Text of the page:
Counteracting prejudices and discrimination is a serious and urgent matter that should concern each and everyone of us. But we are not yet out of this dreadful global pandemic, and many of us feel saturated with “serious and urgent.” So be it. There are ways to challenge prejudices and discrimination in colorful and playful ways. The Smithsonian Institution Traveling Exhibition Service (SITES) came up with a great educational tool, that will delight anyone who is fond of animated colors on the screen. Titled The Bias Inside Us, this project will tour the USA until at least 2023. It addresses crucial issues for our times, in a most engaging and accessible way. Enjoy, and tell us what you think with a drawing.
One of the motivations for establishing our Collection, was to contribute engaging curatorial practices to conversations about cultural development. We hope that through our efforts, children have a greater say in where we are heading collectively, through their own cultural contributions. This blog entry is about culture and the underlying question “What do you make of children’s culture or culture itself for that matter?”
The current pandemic, and subordinate recession, already have profound psychological effects and will impact our cultural environment for years, maybe generations to come. The global crisis is challenging the nations’ ability to cooperate, and at the same time is triggering all sorts of antisocial impulses, while exposing many inequalities and systemic shortcomings.
During the past twenty five year or so, the notion of a culture specific to children has made its way in fields such as social psychology and anthropology. It is debatable whether the concept of “culture” should be attributed to children socializing and building common knowledge together. Even if we admit that such a culture is a fact of life, we can argue at length how autonomous from the surrounding multigenerational culture it really is. Still, how today’s children see themselves and the society in which they grow up during these circumstances, is something all of us should pay close attention to.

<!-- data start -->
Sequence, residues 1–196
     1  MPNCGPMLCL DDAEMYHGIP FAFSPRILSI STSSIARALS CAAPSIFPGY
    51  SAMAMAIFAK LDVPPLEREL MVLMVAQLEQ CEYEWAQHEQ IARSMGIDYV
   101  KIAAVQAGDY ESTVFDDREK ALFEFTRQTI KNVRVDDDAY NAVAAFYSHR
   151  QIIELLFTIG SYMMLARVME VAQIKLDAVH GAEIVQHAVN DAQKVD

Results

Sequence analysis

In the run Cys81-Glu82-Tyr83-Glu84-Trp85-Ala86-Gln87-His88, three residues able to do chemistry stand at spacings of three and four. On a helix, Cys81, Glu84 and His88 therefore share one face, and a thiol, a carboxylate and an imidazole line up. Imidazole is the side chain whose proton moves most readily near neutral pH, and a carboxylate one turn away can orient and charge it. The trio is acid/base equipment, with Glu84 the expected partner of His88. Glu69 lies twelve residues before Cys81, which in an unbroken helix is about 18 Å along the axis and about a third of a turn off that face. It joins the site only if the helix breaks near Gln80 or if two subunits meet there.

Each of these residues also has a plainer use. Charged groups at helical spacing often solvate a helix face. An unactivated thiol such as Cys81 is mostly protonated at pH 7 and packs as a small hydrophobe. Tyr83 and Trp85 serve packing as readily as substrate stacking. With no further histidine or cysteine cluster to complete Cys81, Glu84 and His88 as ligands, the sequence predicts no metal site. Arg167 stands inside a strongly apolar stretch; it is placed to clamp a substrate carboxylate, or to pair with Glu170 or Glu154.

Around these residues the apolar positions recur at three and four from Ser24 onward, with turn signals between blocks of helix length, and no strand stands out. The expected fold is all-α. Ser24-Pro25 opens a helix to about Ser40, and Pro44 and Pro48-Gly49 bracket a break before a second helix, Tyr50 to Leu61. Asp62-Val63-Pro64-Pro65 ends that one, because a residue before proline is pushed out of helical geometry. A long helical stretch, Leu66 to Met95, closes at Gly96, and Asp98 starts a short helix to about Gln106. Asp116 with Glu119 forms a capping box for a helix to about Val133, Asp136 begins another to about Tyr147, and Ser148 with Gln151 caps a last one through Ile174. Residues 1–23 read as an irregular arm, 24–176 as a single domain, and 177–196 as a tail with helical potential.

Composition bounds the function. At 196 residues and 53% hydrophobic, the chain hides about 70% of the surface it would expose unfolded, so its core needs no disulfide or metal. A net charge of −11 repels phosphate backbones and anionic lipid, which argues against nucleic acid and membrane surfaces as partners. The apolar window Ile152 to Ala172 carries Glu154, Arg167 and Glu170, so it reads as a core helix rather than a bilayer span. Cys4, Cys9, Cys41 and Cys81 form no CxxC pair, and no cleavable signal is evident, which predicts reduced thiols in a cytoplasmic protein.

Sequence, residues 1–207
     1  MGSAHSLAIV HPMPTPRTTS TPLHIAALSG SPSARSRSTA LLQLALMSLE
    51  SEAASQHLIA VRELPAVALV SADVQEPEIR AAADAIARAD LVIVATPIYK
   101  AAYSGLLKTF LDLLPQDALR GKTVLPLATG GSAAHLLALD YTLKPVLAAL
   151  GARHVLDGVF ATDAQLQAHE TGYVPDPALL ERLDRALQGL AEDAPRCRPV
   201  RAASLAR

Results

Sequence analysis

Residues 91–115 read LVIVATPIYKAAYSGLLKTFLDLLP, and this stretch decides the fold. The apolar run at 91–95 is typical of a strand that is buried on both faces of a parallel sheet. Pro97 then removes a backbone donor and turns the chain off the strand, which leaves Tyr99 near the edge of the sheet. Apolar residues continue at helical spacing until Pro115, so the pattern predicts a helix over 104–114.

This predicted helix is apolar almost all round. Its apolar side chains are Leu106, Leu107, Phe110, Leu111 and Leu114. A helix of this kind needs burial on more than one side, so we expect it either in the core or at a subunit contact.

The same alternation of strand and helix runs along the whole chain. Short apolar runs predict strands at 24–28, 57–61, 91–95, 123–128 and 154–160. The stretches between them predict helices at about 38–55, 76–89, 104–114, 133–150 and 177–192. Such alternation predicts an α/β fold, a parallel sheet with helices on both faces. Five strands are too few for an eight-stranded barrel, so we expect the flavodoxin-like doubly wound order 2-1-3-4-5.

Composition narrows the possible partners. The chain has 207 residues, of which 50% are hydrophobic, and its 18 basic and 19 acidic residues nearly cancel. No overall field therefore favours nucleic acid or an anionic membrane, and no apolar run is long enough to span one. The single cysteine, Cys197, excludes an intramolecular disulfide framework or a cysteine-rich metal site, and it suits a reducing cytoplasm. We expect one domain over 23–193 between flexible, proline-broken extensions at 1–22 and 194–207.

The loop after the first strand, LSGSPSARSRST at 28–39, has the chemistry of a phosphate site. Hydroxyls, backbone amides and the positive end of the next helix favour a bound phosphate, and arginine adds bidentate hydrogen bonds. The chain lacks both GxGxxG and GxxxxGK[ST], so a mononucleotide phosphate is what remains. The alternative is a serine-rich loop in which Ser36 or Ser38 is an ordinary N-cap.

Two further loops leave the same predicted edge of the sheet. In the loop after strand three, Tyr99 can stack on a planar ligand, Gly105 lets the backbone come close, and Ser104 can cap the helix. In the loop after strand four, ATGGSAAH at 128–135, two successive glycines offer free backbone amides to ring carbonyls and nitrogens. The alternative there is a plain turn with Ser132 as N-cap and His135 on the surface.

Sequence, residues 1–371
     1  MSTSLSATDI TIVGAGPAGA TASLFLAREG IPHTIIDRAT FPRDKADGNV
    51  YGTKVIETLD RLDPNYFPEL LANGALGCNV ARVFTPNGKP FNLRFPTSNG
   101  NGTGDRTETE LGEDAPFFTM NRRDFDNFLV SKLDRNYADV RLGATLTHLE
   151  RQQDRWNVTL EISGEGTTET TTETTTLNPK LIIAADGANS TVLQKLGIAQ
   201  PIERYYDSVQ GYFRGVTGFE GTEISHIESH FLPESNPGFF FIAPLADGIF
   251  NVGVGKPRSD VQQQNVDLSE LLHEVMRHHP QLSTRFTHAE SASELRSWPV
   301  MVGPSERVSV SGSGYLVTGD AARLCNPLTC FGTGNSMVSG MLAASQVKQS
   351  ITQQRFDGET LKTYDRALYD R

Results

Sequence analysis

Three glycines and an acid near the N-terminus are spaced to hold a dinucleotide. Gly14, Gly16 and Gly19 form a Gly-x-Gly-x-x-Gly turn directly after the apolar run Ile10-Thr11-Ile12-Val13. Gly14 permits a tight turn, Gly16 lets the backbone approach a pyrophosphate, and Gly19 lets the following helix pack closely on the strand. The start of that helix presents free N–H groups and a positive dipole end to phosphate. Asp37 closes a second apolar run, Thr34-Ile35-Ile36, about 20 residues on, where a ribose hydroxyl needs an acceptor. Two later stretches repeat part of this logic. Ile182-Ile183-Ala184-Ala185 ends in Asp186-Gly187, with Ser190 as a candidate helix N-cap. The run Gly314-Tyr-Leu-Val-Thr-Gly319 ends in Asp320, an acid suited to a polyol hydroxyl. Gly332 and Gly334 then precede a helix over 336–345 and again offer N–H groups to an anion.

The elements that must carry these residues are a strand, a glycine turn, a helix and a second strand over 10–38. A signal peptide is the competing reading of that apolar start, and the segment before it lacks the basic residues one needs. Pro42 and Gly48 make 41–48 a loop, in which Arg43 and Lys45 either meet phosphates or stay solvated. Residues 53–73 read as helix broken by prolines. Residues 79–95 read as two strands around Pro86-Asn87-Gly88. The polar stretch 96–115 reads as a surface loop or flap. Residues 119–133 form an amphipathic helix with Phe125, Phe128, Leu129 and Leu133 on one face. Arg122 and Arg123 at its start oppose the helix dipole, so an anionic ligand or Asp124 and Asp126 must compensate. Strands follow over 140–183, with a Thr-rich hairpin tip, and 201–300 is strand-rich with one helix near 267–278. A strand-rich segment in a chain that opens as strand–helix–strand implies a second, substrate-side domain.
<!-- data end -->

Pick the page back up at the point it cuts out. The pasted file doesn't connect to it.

Before we can visit far away relatives again, re-orient our professional life, retire earlier than initially planed, or go on a leisure trip, let’s take a moment to think about what culture means to us. Assess for yourself how inclusive of children your culture is and could become. Explore in depth what professor Lawrence A. Hirschfeld says on the subject, in his stimulating article The Rutherford Atom of Culture (Journal of Cognition and Culture, 2018, p.231-261) We find him quite apropos when he says that “cultural life may demand that we hone new psychological tools to account for a kind of existence that is not individual difference writ large but literally foreign to the psychological toolbox.” Professor Hirschfeld’s articles are available online at ResearchGate, as well as OpenEditions Journals. He teaches at the Departments of Psychology and Anthropology, New School of Social Research (New York City).
The long title of this post is: Great news from Macaire’s worldly driveway. Indeed Macaire Everett and her muse brother Camden make the news again this Spring 2021, by publishing an amazing book, filled with more than 120 full page photos of chalk drawings by Macaire.